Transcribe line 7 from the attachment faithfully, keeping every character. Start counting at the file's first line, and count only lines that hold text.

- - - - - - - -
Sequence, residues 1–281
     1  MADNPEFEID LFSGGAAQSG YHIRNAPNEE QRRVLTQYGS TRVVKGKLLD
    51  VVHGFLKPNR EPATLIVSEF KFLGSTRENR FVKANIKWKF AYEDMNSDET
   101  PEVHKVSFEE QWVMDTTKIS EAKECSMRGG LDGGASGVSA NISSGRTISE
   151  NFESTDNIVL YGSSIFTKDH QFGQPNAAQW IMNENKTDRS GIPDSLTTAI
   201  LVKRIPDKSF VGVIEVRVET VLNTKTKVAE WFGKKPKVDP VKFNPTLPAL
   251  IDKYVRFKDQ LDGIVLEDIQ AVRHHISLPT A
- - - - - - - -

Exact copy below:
   251  IDKYVRFKDQ LDGIVLEDIQ AVRHHISLPT A